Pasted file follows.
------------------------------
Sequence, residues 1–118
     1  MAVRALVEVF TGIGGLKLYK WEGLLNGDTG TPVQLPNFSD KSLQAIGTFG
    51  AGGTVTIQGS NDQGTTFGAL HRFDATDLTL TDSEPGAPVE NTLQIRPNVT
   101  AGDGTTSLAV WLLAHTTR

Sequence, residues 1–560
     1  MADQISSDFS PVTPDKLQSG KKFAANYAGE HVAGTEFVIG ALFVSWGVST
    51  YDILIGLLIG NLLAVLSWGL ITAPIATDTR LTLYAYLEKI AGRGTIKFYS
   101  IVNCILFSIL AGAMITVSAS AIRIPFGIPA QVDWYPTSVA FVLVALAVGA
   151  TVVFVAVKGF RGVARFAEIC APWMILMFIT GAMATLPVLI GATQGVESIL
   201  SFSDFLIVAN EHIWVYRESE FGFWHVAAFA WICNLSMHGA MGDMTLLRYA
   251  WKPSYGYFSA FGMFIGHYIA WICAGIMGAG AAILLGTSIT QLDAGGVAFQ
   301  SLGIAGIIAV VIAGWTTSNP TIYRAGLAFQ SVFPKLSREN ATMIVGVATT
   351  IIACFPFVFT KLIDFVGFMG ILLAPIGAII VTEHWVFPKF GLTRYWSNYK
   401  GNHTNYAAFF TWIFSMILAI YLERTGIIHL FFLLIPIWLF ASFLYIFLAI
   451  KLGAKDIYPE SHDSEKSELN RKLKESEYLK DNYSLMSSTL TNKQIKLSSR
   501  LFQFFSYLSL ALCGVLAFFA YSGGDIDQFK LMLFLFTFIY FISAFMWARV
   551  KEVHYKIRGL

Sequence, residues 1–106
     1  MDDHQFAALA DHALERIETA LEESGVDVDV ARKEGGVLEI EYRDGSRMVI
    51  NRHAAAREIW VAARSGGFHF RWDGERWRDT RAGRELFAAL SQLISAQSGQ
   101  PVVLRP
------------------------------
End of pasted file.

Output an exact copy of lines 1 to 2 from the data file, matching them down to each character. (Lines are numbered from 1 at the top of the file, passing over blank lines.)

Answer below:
Sequence, residues 1–118
     1  MAVRALVEVF TGIGGLKLYK WEGLLNGDTG TPVQLPNFSD KSLQAIGTFG